ii) You have to have a ‘residency’ review for tax purposes personally to ensure that it does apply
iii) The benefit compared to simply being an ‘employee’ is normally in the range of 10-20% of your gross earnings per year. Never below this figure and never above this figure – so that is what we are talking about! But 10-20% of your gross earnings for a couple of years can be a healthy sum.
However you decide to work – it is always going to be at the forefront of one’s mind – is it the right thing to do? Am I paying the correct amount of tax? What could I do to pay less tax?
Now – what is undeniable – is that it is EASIER to do pretty much nothing at all and get a job in the UK as an employee. Your pay will be significantly lower of course – but it is easier. Your employer pays 3 things before they pay you
1. ‘Employers’ National Insurance Contributions – at 13.8% of your earnings – that’s 13.8% on your gross earnings.
2. ‘Employees’ National Insurance Contributions – at 12% of your earnings up to £42,996 per annum and then 2% above that
3. Income Tax – sometimes referred to as PAYE (Pay-as-you-Earn) – taxed at 20/40/45% depending on earnings.
This is the basis behind ALL personal tax planning in the UK.
Is this really the best that one can do?
No it is not!
As you can see, when you compare the 3 methods of working, from about £25 per hour or £50,000 per year, then the Passport Programme really comes into its own!
Not before then – but after £25 per hour – the difference is clear.
WEEKLY TAKE HOME PAY – in £
Hourly Rate – Weekly – Employee – Contractor – Passport – % Increase over Employee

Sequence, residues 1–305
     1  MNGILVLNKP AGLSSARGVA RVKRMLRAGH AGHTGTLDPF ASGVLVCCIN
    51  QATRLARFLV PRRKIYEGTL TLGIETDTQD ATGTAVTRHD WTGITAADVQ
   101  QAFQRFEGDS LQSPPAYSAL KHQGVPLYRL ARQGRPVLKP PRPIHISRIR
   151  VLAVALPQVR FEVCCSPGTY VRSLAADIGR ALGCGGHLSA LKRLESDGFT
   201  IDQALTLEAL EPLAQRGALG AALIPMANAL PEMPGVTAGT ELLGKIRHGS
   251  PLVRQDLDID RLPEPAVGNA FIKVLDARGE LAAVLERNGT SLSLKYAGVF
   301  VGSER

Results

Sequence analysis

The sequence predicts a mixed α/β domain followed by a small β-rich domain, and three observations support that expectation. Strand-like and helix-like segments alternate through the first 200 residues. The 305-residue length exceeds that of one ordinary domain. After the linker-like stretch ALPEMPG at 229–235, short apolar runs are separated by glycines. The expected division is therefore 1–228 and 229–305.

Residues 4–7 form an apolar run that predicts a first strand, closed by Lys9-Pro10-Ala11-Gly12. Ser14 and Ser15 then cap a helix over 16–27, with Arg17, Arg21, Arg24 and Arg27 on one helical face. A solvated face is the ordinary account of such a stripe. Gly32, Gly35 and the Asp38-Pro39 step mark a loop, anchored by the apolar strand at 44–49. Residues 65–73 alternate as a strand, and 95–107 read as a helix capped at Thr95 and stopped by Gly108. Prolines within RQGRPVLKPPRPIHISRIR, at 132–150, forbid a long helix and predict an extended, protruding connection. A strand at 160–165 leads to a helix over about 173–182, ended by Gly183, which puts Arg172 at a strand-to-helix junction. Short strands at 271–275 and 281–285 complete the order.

12 – 500 – 401 – 403 – 410 – 2
25 – 1,000 – 708 – 843 – 820 – 11
37 – 1,500 – 1,010 – 1,115 – 1,230 – 15
50 – 2,000 – 1,298 – 1,420 – 1,640 – 17
75 – 3,000 – 1,940 – 2,100 – 2,460 – 17
100 – 4,000 – 2,468 – 2,700 – 3,280 – 20
125 – 5,000 – 2,996 – 3,350 – 4,100 – 22
150 – 6,000 – 3,525 – 3,850 – 4,920 – 23
• assumes a 40 hour week
• assumes working in the 2016/17 tax year
• assumes accountancy fees of roughly £1,500 per year
• assumes deductions of about £5,000 in allowable expenses
To find out if you qualify make sure you contact email@example.com
It won’t cost anything at all – but we will need to take some basic details from you, what you are intending to do and so on – and we will be able to provide you with a more personal answer!
Get in touch with us today and let us put you on the right path!
For free of course.
John is offered a job at £500 per week – what is actually going on and how much will John get each week?
Employers NIC 48
Gross Pay 500
Employees NI 41
Tax (PAYE) 58
Take Home Pay £401
So it will cost an employer £548 to be able to pay you £401.
John is offered a job at £1000 per week – what is actually going on and how much will John get each week?
Employers NIC 118
Gross Pay 1,000
Employees NI 100
Tax (PAYE) 192
Take Home Pay £708
So it will cost an employer £1,118 to be able to pay you £708.
John is offered a job at £1,500 per week – what is actually going on and how much will John get each week?
Employers NIC 186
Gross Pay 1,500
Employees NI 97
Tax (PAYE) 393
Take Home Pay £1,010
So it will cost an employer £1,686 to be able to pay you £1,010.
John is offered a job at £2,000 per week – what is actually going on and how much will John get each week?
Employers NIC 254
Gross Pay 2,000
Employees NI 106
Tax (PAYE) 596
Take Home Pay £1,298
So it will cost an employer £2,254 to be able to pay you £1,208.
For more information and advise please contact: firstname.lastname@example.org